In addition to the above ARPA law, the State of Illinois also follows the strict ruling of the 1966 "National Historic Preservation Act", which states:
"The National Historic Preservation Act (NHPA) was enacted in 1966 to protect the Nation’s historical
resources from increasing development and expansion pressures by establishing a comprehensive national
historic preservation policy. It defines historic properties to encompass a broad interpretation of American
history and acknowledges significance at all levels, not just nationally. Furthermore, historic properties are
now understood and appreciated as part of—not isolated from—the landscape in which they belong. Implementation
of this act is mainly through 36 Code of Federal Regulations (CFR) part 63, Determinations
of Eligibility for Inclusion in the National Register of Historic Places, and 36 CFR part 800, Protection of
Historic Properties. The regulations that implement the NHPA and their accompanying guidance documents
formulate a proactive national policy on historic preservation. It specifically directs federal government
agencies to take historic preservation into account in planning their initiatives and actions. Thus, the
federal government is now a full partner and a leader in historic preservation."
MAJOR PROVISIONS OF THE
NATIONAL HISTORIC PRESERVATION ACT
"The NHPA defines historic preservation as “the
protection, rehabilitation, restoration and reconstruction
of districts, sites, buildings, structures, and objects
significant in American history, architecture,
archaeology, or culture.”
As confusing as the above laws may seem, do not dig anything that you believe is an artifact, or anything that is older than 100 years.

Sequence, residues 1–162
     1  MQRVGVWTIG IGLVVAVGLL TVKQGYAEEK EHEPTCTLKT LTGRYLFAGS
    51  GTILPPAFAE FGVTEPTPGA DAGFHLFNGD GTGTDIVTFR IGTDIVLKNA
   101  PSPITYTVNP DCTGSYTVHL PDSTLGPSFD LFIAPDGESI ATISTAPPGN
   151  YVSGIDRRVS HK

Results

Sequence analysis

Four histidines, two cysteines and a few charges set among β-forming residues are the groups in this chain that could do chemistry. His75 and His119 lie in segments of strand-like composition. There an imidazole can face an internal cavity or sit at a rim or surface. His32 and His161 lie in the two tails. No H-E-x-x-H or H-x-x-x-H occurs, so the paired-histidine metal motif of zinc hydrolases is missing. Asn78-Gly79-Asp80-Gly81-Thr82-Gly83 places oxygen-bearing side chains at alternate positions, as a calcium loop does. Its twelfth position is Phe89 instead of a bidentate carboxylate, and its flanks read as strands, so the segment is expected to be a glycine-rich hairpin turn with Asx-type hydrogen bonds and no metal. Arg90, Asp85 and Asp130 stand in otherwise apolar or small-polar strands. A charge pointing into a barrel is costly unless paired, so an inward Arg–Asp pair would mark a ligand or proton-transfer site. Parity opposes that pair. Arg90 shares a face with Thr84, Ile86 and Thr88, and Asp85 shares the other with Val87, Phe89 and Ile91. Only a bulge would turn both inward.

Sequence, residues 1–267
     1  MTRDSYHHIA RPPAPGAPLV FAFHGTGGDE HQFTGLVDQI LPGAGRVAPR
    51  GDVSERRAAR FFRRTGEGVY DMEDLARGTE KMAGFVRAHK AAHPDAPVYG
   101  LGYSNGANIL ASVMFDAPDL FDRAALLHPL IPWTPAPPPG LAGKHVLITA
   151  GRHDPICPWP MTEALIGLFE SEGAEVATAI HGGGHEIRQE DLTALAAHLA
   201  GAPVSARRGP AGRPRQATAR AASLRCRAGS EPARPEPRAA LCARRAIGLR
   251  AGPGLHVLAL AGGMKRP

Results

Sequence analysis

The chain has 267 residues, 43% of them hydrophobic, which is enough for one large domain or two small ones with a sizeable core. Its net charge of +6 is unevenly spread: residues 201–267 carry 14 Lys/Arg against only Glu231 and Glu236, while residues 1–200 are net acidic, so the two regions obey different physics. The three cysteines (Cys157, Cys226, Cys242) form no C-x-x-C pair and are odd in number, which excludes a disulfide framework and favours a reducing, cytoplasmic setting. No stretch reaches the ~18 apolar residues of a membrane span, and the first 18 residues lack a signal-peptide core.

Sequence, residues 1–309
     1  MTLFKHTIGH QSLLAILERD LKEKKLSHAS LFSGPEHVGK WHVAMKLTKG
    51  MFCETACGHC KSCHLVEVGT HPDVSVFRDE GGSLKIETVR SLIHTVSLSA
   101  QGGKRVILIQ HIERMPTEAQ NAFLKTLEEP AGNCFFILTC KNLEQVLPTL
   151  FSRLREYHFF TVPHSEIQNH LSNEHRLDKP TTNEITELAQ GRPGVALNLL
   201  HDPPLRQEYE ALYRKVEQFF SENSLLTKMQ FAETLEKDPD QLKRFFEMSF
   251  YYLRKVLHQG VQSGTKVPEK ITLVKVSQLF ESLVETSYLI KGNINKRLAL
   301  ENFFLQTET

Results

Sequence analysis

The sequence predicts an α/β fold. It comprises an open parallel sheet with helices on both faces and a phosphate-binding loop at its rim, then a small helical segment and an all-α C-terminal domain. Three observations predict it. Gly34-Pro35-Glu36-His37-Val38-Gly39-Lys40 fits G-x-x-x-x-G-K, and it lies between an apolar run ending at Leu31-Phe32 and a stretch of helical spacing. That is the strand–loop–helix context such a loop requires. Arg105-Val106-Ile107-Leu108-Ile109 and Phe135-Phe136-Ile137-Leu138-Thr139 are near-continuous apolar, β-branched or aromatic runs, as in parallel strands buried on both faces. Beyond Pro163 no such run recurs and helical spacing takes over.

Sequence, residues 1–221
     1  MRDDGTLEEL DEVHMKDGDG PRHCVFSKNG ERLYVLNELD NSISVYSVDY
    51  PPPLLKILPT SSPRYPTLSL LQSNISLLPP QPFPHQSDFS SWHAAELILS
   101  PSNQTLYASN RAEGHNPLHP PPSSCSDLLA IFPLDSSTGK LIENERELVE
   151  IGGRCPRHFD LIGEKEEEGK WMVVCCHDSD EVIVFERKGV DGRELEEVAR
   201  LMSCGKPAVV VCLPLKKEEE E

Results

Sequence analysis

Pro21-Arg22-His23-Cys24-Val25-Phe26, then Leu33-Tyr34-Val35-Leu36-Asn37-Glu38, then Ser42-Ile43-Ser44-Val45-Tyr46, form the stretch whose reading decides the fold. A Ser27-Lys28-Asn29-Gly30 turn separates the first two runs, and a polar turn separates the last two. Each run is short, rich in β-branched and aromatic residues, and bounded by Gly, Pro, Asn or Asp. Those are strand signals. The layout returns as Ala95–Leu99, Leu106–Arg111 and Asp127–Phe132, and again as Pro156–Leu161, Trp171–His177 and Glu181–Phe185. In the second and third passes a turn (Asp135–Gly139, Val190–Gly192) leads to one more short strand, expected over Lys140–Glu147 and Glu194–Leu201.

Especially if you are on any State Lands.
If you want to detect on private property, then be sure you get written permission from the landowner.
For metal detecting in Illinois town, village and city parks, you'll need to check with those local officials.
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Do Not Let These Laws Stop You From Detecting in Illinois
I receive many emails from people who are upset with the laws that restrict our ability to enjoy the hobby. Many individuals just give up, and their detectors end up in the closet, never to be used again. That’s the wrong approach. What you should do if your considering quitting the hobby, is to stay with it. If we quit, the beauracrats, and the archaeologists who want to see our hobby destroyed, will win.
My home page is all about metal detecting in eastern ghost towns. Have you ever tried metal detecting in Illinois ghost towns?
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